Michael Goi’s supernatural thriller MARY, co-financed and produced by Tucker Tooley Entertainment and eOne, is really starting to shape up as something special even before it starts production in Alabama at the end of the month.
If soon-to-be Oscar winner* Gary Oldman starring in the movie wasn’t enough to get your interest, then they’ve just cast British actor Emily Mortimer in the movie opposite him to play his wife, the Tracking Board confirms.
Written by Anthony Jaswinski of last year’s shark hit The Shallows, Mary is about a couple facing financial problems who buy an old ship at auction hoping to start a charter business only to discover it has some horrifying secrets.. but only once they’re already out in open waters. It and Bloodline star Owen Teague also joined the cast recently.
Goi is best known for director and doing cinematographer duties on shows like American Horror Story and Salem, and Mary will be his first feature as a director since 2011’s Megan is Missing.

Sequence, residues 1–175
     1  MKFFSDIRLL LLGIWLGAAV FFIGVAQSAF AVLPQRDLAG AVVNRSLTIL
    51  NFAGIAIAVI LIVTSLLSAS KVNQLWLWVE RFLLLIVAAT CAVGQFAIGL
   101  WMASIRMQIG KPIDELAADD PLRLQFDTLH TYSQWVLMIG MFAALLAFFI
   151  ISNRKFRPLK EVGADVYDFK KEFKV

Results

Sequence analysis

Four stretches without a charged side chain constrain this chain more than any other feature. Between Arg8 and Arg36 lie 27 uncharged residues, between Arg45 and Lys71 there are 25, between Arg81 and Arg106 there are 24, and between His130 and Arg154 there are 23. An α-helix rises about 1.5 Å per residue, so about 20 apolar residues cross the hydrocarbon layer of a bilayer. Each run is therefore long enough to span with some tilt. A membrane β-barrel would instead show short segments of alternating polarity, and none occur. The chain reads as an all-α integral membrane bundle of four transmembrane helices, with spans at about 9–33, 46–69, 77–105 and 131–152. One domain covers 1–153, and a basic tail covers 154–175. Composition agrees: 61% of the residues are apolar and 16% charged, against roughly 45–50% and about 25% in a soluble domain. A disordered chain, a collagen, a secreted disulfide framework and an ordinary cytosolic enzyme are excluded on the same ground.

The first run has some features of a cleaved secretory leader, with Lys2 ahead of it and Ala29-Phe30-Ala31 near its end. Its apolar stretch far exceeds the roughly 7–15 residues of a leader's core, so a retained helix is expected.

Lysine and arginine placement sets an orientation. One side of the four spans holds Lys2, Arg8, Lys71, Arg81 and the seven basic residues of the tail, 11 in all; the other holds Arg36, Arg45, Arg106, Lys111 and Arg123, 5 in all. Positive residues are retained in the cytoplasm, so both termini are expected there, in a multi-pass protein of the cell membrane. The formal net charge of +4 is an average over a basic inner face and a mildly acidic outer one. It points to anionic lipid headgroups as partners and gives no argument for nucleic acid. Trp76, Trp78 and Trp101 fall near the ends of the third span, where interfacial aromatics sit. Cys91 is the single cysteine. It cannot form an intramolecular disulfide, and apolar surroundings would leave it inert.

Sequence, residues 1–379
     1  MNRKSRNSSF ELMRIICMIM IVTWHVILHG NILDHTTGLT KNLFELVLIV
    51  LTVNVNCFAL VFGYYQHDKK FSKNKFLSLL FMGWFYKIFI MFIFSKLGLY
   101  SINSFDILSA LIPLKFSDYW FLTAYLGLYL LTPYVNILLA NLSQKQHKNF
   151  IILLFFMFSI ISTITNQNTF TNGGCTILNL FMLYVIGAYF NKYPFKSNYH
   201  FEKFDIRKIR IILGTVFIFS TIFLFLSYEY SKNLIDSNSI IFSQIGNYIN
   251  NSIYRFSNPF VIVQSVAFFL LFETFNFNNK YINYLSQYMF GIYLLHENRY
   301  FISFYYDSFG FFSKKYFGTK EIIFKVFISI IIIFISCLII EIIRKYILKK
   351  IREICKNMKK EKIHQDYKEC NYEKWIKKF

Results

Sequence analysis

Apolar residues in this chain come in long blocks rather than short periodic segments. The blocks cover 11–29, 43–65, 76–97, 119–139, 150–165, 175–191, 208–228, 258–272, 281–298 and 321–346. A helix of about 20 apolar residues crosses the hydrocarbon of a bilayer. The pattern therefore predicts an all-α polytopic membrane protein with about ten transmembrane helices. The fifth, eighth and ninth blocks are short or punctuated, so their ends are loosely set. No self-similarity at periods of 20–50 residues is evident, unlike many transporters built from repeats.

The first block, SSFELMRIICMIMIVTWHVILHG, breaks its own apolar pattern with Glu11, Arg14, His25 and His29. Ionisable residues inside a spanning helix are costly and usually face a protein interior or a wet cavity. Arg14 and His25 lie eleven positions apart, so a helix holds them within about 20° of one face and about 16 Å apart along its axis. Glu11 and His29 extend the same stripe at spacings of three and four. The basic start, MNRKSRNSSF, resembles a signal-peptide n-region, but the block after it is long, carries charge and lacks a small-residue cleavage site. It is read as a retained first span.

Repped by WME, Lighthouse Management & Media and Sloane Offer, Mortimer has been keeping busy this year with roles in The Sense of an Ending and Sally Potter’s The Party, which will be released in the UK next month after playing the London Film Festival. Mortimer also plays Jane Banks in Disney’s 2018 sequel Mary Poppins Returns and will appear in Greg Kinnear’s directorial debut The Philosophy of Phil and Isabel Coixet’s The Bookshop with Patricia Clarkson and Bill Nighy.
Producing the film are Tucker Tooley, Scott Lambert and Alexandra Milchan with Scott Lumpkin. Greg Renker and Jason Barhydt are exec. producers along with Oldman production partner Douglas Urbinski.
The first look deal Tooley has with eOne means the latter will be distributing the film in the UK, Canada, Australia, New Zealand and other international territories, while Sierra/Affinity will handle international sales via the partnership between eOne and Sierra Pictures. WME will represent domestic rights.
This news was initially reported by Deadline.
(* Seriously, anyone betting against Oldman winning an Oscar for Darkest Hour will be taking the longest odds possibly in Oscar history… and it’s only September.)
Edward Douglas | East Coast Editor